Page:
The Irish low-cost airline plans to operate fewer Boeing 737 Max aircraft in the summer of 2020. That's why Ryanair will rightly cut or close its bases.
Ryanair expects to only have 30 Boeing 737 Max in service by the end of May 2020 as opposed to 58 as previously planned. Airline CEO Michael O’Leary stated on Tuesday (16 July) in a press release. According to the announcement, the low-cost airline is expecting its first units of the model, which is currently still grounded throughout the world, in January or February. In addition, the special 737 Max 200, of which Ryanair has firm orders for 135 aircraft and 75 as options, needs extra certification after the normal Max has been cleared, explains O’Leary.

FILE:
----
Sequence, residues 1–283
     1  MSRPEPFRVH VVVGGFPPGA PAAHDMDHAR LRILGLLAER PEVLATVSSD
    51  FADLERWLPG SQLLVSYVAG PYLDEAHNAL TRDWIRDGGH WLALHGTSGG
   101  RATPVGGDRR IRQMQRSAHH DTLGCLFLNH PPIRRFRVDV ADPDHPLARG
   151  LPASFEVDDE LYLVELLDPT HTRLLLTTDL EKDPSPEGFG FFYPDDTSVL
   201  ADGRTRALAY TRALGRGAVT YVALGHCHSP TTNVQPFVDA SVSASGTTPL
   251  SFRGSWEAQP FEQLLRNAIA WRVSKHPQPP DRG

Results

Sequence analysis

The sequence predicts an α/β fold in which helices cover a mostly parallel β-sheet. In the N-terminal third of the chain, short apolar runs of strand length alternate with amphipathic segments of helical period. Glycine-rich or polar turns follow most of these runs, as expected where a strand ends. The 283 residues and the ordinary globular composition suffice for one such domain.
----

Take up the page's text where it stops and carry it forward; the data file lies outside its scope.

The delays in delivery would require cuts and even closures at some bases, states the Ryanair boss. “We are starting a number of talks with our airports to determine which of Ryanair’s below-average or loss-making bases will face these short-term cuts and/or closures as of November 2019,” O’Leary said. They will also consult with employees and trade unions. Ryanair expects only 157 million passengers by March 2021, as opposed to 162 million previously, due to the unavailability of 737 Max jets.